It may be noted that Brazil and India are big producers of generic drugs. Together with some Latin American and African developing countries, the two nations urged the WHO to end IMPACT (International Medical Products Anti-Counterfeiting Taskforce), a partnership established in 2006. IMPACT includes groups that represent the interest of pharmaceutical firms. The group also includes key inter-governmental agencies such as Interpol, the World Customs Organisation, the World Bank and the World Trade Organisation.
In its statement, India said that the “role of IMPACT is controversial,” adding that governments should be the ones in charge of the fight against counterfeit medicines. In response, WHO Director-General Margaret Chan only said that IMPACT was created before she arrived at the WHO. To that, Kenya told Chan that “If you’re not satisfied with the marriage, you could ask for a divorce.”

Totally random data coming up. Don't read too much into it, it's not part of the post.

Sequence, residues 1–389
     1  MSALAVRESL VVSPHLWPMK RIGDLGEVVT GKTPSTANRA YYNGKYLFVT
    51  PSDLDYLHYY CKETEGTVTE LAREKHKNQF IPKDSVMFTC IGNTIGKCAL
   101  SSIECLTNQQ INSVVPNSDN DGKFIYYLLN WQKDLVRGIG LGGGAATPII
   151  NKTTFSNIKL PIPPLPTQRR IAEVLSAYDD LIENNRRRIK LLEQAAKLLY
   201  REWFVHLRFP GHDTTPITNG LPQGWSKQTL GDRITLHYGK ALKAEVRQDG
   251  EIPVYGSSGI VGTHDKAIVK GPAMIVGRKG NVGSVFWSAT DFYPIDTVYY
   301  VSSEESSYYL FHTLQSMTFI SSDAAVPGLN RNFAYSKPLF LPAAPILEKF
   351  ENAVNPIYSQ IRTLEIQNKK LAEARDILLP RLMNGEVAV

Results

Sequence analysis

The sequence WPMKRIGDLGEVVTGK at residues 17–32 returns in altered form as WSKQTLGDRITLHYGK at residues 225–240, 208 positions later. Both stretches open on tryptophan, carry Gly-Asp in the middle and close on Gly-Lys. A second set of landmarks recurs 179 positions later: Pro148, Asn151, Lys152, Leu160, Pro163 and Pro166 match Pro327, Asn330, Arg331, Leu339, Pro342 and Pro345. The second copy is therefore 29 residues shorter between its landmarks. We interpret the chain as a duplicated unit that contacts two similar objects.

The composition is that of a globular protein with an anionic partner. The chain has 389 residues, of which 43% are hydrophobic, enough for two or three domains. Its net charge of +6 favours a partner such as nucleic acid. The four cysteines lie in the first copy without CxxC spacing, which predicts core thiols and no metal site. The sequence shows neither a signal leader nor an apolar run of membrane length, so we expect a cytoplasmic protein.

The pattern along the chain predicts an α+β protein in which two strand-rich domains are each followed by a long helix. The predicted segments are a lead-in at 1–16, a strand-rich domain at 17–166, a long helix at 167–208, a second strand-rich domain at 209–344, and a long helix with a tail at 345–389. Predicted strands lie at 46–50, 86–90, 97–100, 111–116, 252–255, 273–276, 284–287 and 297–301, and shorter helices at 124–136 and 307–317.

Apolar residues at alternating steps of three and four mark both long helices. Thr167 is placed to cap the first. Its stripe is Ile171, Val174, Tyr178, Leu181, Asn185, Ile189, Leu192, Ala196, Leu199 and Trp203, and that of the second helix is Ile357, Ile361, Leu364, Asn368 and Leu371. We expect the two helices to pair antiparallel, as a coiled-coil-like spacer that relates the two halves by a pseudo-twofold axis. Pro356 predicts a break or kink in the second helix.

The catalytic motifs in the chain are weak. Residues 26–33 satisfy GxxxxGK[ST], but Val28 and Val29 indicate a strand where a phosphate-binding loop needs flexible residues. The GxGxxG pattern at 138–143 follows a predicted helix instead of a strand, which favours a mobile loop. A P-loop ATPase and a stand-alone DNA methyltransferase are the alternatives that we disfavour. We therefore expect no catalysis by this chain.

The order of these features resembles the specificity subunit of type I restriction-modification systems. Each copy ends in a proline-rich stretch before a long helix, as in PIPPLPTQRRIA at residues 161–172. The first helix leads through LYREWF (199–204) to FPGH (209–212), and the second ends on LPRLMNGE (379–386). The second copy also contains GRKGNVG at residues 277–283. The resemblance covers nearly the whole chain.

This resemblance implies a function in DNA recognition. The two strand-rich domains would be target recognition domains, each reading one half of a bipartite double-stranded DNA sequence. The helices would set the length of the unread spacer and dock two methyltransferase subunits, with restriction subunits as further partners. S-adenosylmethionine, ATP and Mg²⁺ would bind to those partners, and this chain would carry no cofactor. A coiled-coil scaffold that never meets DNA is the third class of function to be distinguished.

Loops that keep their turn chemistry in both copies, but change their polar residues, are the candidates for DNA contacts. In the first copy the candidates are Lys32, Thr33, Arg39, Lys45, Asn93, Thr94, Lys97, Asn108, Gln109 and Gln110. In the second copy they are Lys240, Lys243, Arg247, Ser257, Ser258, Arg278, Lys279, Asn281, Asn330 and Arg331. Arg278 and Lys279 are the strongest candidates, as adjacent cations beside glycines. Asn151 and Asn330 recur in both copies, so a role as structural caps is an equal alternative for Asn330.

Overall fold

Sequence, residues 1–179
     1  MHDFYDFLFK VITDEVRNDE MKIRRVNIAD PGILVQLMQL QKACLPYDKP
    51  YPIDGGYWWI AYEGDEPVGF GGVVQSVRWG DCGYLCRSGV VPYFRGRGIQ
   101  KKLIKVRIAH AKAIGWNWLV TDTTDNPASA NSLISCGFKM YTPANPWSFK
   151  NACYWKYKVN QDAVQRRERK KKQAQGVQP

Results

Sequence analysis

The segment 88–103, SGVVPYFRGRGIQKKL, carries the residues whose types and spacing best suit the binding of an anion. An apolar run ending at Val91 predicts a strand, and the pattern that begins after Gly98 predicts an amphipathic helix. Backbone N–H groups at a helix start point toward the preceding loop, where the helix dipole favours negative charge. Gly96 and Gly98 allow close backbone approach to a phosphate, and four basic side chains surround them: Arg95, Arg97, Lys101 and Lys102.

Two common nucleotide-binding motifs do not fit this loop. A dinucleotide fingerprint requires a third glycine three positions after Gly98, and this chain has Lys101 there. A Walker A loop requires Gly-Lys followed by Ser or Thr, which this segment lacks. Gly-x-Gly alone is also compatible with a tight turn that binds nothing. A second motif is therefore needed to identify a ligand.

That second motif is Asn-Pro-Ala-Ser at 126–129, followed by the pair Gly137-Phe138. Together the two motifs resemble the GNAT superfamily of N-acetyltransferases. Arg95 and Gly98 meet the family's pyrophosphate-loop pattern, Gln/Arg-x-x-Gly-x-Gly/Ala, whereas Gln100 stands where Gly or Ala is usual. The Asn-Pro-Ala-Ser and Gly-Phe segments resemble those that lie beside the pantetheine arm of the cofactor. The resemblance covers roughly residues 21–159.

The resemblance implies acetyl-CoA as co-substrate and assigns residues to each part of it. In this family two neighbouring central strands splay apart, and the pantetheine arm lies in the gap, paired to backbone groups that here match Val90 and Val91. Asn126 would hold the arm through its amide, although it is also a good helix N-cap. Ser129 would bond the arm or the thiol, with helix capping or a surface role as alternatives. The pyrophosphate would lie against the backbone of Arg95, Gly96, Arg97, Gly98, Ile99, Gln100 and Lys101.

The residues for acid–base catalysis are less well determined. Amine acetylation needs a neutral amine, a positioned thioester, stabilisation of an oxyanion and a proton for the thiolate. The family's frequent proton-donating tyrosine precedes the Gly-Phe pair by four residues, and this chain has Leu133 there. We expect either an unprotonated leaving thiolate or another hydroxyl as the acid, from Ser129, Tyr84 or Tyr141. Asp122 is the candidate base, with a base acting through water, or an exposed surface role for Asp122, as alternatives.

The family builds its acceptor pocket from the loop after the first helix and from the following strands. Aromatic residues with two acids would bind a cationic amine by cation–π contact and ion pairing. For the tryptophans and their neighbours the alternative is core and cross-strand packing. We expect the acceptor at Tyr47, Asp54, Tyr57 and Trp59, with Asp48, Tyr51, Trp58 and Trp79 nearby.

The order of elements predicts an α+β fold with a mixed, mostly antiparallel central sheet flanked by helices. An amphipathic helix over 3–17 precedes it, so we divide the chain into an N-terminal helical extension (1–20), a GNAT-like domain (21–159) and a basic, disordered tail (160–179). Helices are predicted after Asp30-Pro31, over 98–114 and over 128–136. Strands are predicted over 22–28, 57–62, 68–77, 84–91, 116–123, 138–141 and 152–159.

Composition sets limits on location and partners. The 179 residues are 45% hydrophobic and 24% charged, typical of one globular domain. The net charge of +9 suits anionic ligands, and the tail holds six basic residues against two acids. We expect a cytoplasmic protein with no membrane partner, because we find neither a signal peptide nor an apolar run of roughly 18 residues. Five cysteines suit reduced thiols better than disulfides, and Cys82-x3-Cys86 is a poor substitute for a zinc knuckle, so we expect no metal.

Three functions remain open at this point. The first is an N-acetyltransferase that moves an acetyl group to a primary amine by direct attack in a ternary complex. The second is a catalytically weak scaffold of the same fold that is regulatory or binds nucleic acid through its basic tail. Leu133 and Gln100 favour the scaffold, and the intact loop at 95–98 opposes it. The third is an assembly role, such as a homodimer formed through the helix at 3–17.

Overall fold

The proliferation of potentially lethal or harmful counterfeit medicines has been on the rise, particularly with the increased usage of the Internet worldwide. According to the WHO, more than half of all medicines bought online are fake. Malaria treatments are the main counterfeit medicines sold by criminal organisations, according to the International Pharmaceutical Federation, which represents two million pharmacists worldwide.